In place of the position-dependent extinction profile ET(t, r) at time t, the extinction is determined as a function at a freely selectable position or over a range (r+δr) of the sample, and the distribution of particle sizes is calculated from it analogously to the above calculation.
 The apparent relative viscosity can be calculated as a function of the concentration by volume from the determined hindrance function, taking into account the concentration by volume.
 The sedimentation type and the critical concentration by volume for the use of consolidation phenomena can be determined from the change in the segregation speed during the segregation.
The ascertainable range of the particle size distribution as well as the resolution with respect to the distribution of particle sizes can be increased by varying the number of revolutions and the measurement time intervals.
 The mass density distribution of the sample is calculated from the extinction profile ET(t, r) for a known distribution of particle sizes.
 For mixtures of substances of different densities, the distribution of particle sizes for the individual substance components is calculated from the extinction profiles for the segregation of dispersions with different densities for the dispersion medium.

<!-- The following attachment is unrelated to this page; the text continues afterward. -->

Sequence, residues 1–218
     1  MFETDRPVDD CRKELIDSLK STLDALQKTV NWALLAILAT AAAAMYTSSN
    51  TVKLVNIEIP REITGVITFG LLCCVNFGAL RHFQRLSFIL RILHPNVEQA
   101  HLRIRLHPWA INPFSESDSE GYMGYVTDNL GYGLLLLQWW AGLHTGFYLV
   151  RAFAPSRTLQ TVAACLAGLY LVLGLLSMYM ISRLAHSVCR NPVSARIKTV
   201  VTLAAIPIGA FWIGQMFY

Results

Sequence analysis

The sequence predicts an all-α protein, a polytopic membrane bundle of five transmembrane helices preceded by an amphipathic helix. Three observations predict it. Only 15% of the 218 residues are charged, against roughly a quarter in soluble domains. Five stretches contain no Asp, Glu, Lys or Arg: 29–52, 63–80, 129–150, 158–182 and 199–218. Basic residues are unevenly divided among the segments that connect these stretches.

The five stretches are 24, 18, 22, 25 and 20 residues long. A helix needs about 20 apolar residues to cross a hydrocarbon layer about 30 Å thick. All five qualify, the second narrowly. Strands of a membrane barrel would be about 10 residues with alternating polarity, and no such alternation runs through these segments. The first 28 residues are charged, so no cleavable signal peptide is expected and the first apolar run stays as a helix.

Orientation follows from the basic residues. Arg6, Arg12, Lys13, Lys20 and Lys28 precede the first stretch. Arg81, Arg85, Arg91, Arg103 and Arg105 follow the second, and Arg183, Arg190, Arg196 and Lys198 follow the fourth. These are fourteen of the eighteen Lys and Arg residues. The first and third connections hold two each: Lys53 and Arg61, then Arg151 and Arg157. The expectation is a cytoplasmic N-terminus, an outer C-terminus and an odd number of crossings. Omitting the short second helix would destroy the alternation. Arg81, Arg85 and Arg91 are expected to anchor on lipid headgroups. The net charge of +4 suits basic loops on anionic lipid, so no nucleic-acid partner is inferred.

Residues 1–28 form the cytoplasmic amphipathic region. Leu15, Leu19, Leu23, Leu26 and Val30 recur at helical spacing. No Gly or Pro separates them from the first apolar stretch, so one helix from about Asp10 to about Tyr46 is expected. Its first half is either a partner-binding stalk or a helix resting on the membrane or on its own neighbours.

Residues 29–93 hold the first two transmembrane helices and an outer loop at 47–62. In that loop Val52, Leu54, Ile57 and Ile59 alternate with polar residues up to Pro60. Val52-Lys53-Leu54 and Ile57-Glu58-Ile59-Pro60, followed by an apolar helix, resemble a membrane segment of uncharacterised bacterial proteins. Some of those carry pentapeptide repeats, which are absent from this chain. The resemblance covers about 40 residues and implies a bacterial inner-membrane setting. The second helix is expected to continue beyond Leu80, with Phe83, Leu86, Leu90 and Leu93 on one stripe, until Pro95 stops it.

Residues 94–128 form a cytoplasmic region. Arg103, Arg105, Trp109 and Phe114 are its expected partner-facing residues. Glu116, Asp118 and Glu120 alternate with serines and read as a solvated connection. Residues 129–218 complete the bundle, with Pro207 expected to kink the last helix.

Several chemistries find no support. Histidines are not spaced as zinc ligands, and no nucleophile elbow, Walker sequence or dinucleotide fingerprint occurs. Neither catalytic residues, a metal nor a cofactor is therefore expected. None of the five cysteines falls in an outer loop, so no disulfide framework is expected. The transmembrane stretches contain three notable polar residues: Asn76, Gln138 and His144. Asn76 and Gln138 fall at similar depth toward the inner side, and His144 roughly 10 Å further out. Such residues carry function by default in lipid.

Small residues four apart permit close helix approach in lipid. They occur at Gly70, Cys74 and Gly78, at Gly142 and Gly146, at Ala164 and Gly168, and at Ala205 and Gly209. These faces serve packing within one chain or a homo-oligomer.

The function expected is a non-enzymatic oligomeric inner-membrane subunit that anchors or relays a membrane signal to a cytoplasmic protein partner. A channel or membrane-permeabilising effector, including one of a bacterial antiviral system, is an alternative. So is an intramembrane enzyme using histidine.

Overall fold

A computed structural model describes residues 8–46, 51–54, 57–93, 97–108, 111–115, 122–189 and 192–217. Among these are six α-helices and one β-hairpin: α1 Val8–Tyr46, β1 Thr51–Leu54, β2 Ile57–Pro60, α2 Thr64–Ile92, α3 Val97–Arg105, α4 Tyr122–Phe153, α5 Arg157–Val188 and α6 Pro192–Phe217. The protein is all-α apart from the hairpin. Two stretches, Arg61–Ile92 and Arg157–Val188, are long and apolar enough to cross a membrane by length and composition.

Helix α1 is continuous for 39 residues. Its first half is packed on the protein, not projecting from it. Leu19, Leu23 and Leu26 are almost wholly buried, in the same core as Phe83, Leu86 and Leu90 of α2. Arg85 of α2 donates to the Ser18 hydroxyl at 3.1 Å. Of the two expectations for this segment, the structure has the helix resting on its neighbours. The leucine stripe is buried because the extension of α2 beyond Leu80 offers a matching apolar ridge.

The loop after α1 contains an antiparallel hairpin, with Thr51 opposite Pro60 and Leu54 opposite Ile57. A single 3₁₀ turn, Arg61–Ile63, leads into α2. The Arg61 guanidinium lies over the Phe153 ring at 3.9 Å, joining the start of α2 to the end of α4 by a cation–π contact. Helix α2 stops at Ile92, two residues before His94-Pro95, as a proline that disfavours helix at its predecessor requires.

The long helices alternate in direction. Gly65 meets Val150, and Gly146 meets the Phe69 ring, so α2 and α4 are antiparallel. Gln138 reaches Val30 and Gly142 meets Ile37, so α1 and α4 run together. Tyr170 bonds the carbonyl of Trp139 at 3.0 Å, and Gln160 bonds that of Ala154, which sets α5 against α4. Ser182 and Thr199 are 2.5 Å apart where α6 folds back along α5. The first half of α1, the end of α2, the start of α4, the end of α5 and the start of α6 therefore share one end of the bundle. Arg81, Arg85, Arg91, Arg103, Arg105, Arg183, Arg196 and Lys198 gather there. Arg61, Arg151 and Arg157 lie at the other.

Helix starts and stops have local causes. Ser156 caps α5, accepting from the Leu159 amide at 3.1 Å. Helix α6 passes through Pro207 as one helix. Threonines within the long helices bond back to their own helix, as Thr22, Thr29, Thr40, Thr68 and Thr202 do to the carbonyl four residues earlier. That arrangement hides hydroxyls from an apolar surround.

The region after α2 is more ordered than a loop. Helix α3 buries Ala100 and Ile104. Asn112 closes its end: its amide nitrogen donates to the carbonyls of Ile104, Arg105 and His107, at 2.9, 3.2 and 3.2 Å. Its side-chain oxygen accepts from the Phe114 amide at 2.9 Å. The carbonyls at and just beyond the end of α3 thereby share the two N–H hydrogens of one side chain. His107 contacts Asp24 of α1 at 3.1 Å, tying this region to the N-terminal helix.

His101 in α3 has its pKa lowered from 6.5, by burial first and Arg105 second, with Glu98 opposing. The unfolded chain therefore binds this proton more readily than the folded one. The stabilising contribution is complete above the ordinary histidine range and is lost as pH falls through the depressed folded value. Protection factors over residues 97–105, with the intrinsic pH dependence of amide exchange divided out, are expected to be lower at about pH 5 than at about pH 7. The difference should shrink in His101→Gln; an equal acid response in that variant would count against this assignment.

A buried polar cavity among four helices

For mixtures of substances of different densities, the distribution of particle sizes for the individual substance components is calculated from the extinction profiles for the segregation of dispersions with different densities for the dispersion medium.
 Indices for the consolidation behavior of the dispersion samples can be computed from the sediment levels for gradually changed revolutions related to the respective operative centrifugal force.
 The control of the segregation analyzer and the measurement sensor, including radiation source, sample management and data transfer, data handling and data storage, as well as all steps of analysis and the documentation of the results, takes place by means of software supported by a database.